encouragement and a push when needed.
3. Show support to both the individual Scout and the Troop by attending all
Troop Courts of Honor.
4. Assist, as requested, in all Troop fundraisers and other such activities. All
such assistance lowers the cost of the program we offer to the Scouts and,
therefore, lowers each family’s cash outlay for their Scout(s).
5. Be aware of the Troop program and annual calendar.

Help The Troop Committee
Providing support for a boy-run Troop is a lot of work, and while we have a
great group of parents serving on the Troop Committee to help the boys to
carry out their planned program, there’s always a need for more help on the
Committee. That is why all parents are invited to be members of the Troop
Committee and are encouraged to attend meetings. Registered Adult Members
are needed to serve on Boards of Review (the final step in advancement of rank
for a Scout).
                                                   Boy Scout Troop 775 Handbook   11




Be A Merit Badge Counselor
BSA offers about 130 merit badges. Each merit badge covers a specialized area
of interest. Adults with an expertise or interest in covered merit badge areas
are needed to guide interested boys through those requirements. See the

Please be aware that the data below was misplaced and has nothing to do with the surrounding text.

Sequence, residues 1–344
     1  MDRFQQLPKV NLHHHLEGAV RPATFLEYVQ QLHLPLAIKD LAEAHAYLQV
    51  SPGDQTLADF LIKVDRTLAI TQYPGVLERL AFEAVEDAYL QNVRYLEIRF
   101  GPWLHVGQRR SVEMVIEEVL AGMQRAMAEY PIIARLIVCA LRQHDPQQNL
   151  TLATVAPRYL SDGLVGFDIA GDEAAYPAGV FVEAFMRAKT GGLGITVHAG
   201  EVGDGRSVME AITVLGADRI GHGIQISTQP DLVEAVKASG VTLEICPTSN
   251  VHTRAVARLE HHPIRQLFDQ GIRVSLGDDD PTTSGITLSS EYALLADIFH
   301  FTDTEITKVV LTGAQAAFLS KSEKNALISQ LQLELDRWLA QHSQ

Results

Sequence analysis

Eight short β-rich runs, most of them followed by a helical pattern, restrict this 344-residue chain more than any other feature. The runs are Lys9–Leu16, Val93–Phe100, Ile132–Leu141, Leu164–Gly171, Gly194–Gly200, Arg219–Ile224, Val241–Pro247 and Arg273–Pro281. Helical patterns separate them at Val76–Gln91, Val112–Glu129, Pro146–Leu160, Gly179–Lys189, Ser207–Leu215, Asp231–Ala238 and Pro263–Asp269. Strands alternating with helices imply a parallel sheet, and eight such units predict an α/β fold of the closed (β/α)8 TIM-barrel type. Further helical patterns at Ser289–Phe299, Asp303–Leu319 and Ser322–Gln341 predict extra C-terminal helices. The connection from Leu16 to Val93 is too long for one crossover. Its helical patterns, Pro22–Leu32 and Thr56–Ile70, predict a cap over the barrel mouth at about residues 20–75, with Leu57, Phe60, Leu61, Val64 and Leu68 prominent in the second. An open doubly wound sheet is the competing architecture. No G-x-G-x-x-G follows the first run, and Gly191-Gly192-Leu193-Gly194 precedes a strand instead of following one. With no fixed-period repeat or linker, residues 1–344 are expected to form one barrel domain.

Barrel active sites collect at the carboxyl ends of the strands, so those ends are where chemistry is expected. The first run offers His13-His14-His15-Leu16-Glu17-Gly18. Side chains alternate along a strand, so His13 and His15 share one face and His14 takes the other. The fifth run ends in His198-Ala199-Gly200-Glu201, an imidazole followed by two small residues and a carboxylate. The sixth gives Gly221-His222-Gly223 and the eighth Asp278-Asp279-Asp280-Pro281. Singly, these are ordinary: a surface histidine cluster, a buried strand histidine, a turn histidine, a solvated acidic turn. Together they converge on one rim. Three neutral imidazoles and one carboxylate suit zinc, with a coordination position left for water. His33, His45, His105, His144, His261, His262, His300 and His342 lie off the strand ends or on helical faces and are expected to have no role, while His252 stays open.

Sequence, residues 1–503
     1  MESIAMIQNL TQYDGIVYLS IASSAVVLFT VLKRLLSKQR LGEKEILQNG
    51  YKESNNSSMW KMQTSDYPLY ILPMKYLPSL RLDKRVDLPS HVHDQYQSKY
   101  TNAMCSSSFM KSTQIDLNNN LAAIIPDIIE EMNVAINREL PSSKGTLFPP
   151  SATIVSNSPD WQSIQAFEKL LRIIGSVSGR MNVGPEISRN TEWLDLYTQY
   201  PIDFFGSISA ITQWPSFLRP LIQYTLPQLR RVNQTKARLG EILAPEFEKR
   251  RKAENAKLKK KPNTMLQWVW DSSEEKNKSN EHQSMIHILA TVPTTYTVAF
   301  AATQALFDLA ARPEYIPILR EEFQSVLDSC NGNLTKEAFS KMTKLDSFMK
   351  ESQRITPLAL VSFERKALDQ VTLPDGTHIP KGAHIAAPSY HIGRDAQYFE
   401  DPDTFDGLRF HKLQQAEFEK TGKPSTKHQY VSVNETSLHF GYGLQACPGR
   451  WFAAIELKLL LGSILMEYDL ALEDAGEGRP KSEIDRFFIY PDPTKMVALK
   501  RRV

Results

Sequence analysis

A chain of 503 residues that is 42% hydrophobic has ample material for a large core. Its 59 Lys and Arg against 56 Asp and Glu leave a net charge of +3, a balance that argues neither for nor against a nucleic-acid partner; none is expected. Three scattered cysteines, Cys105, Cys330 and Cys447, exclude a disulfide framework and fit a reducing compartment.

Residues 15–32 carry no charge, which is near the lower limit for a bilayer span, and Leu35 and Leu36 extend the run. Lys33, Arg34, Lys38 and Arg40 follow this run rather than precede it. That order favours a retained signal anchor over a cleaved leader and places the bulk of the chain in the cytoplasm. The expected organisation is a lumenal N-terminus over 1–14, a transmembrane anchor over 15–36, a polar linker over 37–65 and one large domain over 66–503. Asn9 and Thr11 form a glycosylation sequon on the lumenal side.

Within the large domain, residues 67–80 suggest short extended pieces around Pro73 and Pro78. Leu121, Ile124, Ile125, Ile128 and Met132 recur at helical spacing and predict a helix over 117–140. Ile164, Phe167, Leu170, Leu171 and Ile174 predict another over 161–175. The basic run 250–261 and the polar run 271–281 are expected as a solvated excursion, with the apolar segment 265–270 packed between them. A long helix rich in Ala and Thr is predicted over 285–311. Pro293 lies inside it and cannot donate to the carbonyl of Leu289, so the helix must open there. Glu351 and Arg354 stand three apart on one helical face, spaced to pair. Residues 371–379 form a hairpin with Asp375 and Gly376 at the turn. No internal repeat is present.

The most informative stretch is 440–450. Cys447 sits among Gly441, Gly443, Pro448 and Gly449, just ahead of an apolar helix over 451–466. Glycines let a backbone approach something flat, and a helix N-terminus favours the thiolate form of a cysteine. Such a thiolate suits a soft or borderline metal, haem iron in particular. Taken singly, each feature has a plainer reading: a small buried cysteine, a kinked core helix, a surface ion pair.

Scoutmaster to sign up.

Encourage Participation
An important aspect of the scout program is to get the boys within each Patrol
to work together towards accomplishing objectives. Before each camping trip
the Patrols plan meals, share chores, and participate in activities such as
campfire skits. On the trips, the Patrols execute those plans. A boy can gain
the benefits of the program only if he plays an active roll in his Patrol. An active
role implies regular attendance at meetings and weekend activities. Help your
son to be active. Encourage him to keep dates open for Troop activities. A Scout
that is assuming a Leadership position must make an even greater
commitment.

Help with Fund Raising
Periodically, the Troop holds fundraisers to raise money for scouting activities.
Some of the past fundraisers have been: car washes, cook out at Streator
Foods, and Popcorn sale in March. Parents are needed to help coordinate and
execute these fundraisers. We encourage all parents to encourage their scout
to participate to their fullest in each fundraiser.

Come on Outings
Parents are always welcome on camping trips and activities. On most weekend
outings we can use a little extra help. We always need as much help as we can
get during our week at summer camp.
                                                 Boy Scout Troop 775 Handbook   12




                             Medical Exams
Boy Scouts of America have recently switch medical forms. Instead of three
different types, BSA now uses a single form for all ages and activities. This
form is divided into the sections.

Parts A and C are to be completed annually. Both parts are required for all
events that do not exceed 72 consecutive hours, where the level of activity is
similar to that normally expended at home or at school, such as day camp, day
hikes, swimming parties, or an overnight camp, and where medical care is